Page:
TOKYO (Kyodo) -- Torrential rain in the southwestern Japan prefectures of Kumamoto and Kagoshima triggered massive flooding Saturday, washing away homes and prompting local governments to order more than 200,000 residents to take shelter.
Two people rescued from a mudslide in Tsunagi showed no vital signs, the Kumamoto prefectural government said. There were also reports that around 10 people could not be contacted in one of the flood-hit towns in the prefecture.
The Japan Meteorological Agency raised heavy rain warnings in many parts of the prefectures to the highest level shortly before 5 a.m., the first time it has done so for the two prefectures.
Amakusa in Kumamoto Prefecture had seen record precipitation of 98 millimeters per hour, according to the agency. With the Kuma River in Kumamoto overflowing and causing extensive flooding, the prefectural government requested the dispatch of Ground Self-Defense Force personnel for disaster relief work.
Prime Minister Shinzo Abe told an emergency meeting with some ministers that about 10,000 SDF troops would be mobilized for relief efforts, ordering the immediate shipment of relief supplies for affected residents.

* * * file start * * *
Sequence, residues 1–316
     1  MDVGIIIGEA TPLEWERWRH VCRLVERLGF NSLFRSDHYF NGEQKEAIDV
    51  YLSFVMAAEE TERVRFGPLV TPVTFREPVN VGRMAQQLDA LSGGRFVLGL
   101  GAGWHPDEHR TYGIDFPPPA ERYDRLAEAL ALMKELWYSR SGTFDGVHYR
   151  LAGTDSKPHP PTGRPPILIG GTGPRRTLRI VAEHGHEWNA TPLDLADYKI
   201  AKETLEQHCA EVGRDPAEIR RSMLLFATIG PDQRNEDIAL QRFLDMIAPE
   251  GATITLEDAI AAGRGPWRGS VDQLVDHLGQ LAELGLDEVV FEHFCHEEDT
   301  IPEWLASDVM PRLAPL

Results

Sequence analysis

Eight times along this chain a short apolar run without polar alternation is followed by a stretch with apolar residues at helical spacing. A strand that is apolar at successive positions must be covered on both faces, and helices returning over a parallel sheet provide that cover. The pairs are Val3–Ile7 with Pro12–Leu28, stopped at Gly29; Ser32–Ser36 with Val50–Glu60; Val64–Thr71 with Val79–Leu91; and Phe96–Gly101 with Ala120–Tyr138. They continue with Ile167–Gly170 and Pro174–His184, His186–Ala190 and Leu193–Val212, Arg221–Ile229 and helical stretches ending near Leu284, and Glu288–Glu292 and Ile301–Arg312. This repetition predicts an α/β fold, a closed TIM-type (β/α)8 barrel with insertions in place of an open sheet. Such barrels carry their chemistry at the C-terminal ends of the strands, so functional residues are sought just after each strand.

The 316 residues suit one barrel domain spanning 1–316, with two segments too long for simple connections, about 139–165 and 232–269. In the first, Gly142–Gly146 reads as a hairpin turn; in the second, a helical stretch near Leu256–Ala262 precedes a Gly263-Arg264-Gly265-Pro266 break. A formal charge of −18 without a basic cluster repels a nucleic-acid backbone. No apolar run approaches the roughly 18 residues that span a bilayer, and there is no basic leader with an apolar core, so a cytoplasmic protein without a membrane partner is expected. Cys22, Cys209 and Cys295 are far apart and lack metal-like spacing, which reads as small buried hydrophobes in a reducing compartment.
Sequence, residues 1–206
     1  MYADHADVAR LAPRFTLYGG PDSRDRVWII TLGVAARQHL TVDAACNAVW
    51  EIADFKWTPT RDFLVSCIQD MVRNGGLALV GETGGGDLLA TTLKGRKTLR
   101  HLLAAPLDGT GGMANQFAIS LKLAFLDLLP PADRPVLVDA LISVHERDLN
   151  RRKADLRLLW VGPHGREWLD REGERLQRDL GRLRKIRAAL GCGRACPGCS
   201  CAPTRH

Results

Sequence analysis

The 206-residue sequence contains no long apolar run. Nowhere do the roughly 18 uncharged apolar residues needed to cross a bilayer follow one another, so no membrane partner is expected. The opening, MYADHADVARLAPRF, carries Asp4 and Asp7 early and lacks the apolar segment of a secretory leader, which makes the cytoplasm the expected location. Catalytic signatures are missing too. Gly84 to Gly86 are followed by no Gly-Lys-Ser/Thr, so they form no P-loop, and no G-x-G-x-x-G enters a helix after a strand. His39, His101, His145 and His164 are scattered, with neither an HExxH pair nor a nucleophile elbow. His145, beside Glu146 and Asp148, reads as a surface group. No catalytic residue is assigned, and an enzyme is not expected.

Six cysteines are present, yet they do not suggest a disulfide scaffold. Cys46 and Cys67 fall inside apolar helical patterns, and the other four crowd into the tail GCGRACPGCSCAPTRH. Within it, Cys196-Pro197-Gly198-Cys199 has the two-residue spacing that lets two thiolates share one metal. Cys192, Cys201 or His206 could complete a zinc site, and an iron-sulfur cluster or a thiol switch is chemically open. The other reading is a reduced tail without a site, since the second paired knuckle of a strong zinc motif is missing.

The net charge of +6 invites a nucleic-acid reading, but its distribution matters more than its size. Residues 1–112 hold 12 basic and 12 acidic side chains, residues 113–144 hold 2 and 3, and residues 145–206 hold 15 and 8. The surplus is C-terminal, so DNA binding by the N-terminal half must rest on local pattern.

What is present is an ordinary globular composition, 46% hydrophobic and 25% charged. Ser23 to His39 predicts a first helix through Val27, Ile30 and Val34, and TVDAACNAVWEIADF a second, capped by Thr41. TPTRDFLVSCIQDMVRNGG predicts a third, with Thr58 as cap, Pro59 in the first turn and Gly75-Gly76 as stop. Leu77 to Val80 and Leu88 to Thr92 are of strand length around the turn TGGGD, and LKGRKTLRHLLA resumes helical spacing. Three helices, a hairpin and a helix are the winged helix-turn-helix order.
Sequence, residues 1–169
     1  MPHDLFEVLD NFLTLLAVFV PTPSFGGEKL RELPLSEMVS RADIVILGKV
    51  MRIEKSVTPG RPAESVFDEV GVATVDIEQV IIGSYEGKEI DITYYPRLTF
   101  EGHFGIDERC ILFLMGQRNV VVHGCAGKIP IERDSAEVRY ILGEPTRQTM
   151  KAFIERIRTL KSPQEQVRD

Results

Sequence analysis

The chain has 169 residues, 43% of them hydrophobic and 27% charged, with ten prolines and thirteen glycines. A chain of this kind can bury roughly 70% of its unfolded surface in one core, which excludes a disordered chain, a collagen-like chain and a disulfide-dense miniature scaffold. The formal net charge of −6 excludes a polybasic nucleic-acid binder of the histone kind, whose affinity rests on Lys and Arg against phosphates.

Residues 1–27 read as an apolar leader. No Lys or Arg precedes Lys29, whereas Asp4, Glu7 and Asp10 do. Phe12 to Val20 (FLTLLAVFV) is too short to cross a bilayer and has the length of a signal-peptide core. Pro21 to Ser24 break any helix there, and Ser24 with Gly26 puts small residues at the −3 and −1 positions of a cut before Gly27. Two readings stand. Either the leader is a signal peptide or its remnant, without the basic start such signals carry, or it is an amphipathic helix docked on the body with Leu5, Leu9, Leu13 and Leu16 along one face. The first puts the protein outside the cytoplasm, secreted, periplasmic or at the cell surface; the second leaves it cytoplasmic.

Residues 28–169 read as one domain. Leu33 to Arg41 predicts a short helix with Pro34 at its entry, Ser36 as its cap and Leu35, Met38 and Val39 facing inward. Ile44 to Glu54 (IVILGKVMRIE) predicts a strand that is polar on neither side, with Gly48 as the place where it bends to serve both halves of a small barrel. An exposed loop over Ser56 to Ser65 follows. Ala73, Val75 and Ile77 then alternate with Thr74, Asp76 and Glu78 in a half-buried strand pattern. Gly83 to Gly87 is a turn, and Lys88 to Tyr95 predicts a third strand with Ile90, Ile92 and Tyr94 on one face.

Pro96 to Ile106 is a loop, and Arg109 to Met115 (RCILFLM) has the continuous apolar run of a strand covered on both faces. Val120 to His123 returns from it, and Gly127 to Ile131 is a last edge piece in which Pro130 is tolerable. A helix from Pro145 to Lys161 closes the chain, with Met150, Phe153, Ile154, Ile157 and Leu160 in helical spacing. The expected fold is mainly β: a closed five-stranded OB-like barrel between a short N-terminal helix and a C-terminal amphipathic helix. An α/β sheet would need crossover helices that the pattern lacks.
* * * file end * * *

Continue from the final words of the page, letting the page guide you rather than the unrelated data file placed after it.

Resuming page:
Shinkansen bullet train services in the prefectures have been suspended, Kyushu Railway Co. said.
Haruka Yamada, 32, a resident of the town of Ashikita in Kumamoto, said nearby houses were already flooded when she woke up to the sound of rain around 4 a.m.
"I saw large trees and parts of houses being washed away and heard them crashing into something. The air is filled with the smell of leaking gas and sewage," she said.
A rain front that brought the downpour in Kumamoto and Kagoshima as well as Miyazaki Prefecture bordering them is expected to straddle western and eastern Japan areas through Sunday, the weather agency said, warning of heavy rain particularly in parts of western Japan.